There’s a fine line between fair use, copyright infringement, and downright theft. And while some might argue where exactly that line stands, “rephotographer” and appropriation artist Richard Prince just got a Federal Appeals Court to take his side in what may turn out to be a landmark ruling regarding fair use.
In case you’ve not kept up with our previous coverage on the matter, here’s a short recap:
Back in 2011, Richard Prince lost a major copyright lawsuit to photographer Patrick Cariou. Cariou sued Prince over 41 photographs from the book Yes, Rasta that Prince had appropriated, modified, and then displayed at a gallery exhibition that nabbed him and the gallery some $10 million.
The US District Court ruled (and many photographers agreed) that Prince’s work was not fair use, and ordered that all the infringing works be destroyed. Prince’s less than compelling side to the story came out in an interview in which he said, “I didn’t really even think to ask. I don’t think that way, it didn’t occur to me to ask him and even if I did and he said no, I still would have taken them…”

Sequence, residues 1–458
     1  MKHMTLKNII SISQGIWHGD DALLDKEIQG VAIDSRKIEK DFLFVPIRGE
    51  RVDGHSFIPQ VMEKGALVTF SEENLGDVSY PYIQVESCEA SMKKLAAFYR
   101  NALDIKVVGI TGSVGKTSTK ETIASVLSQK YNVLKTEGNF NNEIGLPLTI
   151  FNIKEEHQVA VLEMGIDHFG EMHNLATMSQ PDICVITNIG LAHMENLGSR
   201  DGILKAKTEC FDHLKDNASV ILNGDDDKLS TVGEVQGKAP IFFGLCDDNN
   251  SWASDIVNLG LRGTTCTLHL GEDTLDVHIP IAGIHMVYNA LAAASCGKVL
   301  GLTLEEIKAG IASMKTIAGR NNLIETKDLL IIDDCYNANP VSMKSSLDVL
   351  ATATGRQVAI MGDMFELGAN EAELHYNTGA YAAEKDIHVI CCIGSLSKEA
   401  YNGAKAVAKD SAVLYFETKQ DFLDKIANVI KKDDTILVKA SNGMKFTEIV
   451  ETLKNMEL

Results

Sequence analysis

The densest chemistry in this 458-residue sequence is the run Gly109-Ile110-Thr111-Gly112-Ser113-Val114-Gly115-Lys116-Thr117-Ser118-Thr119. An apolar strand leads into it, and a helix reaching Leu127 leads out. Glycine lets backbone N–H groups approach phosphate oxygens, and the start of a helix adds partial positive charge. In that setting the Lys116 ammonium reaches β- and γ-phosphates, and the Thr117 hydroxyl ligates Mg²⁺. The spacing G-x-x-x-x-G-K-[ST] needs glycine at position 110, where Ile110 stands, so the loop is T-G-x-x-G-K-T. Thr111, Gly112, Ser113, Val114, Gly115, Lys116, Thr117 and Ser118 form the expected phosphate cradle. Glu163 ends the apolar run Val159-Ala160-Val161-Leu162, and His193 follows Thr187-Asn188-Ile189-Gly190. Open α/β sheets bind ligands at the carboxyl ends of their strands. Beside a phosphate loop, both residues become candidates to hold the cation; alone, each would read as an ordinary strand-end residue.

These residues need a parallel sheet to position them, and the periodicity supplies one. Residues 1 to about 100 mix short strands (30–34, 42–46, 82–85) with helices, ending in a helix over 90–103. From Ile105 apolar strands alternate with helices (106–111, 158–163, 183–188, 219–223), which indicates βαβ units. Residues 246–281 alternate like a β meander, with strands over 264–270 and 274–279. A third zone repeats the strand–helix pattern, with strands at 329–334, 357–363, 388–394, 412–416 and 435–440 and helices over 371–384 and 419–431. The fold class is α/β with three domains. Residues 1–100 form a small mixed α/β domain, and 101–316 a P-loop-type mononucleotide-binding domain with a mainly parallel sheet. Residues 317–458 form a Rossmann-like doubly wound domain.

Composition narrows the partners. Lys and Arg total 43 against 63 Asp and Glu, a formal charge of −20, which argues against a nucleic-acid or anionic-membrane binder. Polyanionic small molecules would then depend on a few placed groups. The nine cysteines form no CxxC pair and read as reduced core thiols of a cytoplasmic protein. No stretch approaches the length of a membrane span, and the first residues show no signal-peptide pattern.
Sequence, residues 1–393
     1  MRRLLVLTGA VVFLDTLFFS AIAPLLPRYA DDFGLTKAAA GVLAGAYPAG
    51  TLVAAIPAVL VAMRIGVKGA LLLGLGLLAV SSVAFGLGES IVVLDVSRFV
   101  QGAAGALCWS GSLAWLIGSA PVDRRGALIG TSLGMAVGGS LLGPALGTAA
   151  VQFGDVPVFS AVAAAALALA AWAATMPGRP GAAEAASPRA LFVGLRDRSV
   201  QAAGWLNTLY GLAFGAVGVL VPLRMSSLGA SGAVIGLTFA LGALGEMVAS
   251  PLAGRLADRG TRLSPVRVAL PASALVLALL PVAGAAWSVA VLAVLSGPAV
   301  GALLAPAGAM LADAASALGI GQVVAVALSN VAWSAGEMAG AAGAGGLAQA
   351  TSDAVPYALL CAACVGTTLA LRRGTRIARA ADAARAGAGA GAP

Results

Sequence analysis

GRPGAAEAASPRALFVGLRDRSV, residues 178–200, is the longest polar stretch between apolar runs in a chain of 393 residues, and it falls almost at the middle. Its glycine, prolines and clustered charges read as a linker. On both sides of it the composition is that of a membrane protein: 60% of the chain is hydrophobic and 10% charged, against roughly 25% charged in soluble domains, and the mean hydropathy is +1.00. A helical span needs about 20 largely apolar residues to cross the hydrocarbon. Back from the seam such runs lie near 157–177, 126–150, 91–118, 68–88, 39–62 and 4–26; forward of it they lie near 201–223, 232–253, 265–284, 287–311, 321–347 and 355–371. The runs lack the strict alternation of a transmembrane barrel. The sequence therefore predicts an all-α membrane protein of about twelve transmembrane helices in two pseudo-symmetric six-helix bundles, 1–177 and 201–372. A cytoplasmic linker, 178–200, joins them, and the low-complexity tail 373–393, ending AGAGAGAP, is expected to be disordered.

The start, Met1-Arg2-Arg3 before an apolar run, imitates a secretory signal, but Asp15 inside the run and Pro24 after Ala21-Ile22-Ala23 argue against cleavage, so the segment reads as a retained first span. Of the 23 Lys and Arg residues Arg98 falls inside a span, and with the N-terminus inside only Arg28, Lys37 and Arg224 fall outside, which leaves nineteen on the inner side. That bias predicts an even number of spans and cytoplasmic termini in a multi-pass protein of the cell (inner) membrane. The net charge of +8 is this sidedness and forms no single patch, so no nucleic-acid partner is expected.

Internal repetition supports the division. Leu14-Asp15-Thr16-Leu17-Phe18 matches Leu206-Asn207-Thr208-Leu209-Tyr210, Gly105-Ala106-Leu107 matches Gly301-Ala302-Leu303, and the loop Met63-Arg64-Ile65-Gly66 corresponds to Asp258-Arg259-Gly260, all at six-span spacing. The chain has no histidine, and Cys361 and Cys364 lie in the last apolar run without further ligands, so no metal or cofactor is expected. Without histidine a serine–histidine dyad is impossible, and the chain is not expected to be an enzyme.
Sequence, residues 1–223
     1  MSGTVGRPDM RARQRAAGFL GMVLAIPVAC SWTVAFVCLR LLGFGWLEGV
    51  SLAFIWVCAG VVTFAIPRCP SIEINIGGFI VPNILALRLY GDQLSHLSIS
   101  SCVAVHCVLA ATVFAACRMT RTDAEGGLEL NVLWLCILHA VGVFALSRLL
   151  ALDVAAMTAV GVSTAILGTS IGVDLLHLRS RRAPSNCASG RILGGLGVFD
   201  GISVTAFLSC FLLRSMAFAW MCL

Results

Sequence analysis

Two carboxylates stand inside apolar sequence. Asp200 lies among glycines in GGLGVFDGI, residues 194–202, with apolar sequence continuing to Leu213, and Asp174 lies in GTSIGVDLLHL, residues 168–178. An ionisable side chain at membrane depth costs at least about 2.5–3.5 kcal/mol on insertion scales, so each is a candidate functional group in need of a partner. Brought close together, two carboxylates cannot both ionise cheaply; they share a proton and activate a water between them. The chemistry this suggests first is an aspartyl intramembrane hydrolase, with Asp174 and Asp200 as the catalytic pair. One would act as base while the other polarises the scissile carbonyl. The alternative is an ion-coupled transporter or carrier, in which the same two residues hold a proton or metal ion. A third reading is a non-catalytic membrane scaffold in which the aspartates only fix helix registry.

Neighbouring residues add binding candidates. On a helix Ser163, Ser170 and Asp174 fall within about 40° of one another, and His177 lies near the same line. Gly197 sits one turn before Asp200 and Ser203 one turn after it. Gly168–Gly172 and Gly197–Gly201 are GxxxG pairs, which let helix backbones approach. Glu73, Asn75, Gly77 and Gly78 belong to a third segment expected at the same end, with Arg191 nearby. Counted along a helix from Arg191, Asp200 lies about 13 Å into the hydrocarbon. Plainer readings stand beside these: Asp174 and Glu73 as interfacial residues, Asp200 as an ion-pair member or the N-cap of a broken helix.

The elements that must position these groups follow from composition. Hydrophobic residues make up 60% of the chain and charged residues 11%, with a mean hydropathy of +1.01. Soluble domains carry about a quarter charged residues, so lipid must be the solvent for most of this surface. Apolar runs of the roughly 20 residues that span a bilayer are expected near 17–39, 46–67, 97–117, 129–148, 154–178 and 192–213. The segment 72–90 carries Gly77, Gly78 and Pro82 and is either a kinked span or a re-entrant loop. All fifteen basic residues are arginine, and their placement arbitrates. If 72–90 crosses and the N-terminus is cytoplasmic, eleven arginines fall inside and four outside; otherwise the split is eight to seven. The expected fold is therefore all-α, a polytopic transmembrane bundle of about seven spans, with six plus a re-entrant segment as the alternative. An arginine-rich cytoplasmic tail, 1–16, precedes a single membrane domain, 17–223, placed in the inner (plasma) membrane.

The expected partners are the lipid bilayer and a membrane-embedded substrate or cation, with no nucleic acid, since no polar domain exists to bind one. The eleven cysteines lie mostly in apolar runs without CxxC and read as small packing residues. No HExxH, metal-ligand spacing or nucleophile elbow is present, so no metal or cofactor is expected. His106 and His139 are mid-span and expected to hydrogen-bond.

Here’s an example of the types of modifications Prince made to Cariou’s work:
But that 2011 ruling has just been overturned by a Federal Appeals Court, which ruled that 25 of the 30 works at the forefront of the dispute are, in fact, fair use. Speaking to Art in America, attorney Virginia Rutledge said that the ruling “absolutely clarifies that the law does not require that a new work of art comment on any of its source material to qualify as fair use” — a precedent that some see as saying that all appropriation art is inherently fair use.
The court explained that the new work doesn’t have to comment on the original in any way, as long as it alters the original in such a way as to provide a “new expression, meaning, or message.” Read into that how you will.
While this is, no doubt, a devastating blow to Cariou, he hasn’t entirely lost. The remaining 5 photos in dispute have been send back to the lower court, where they are to be re-evaluated using the new standard handed down by the Appeals Court.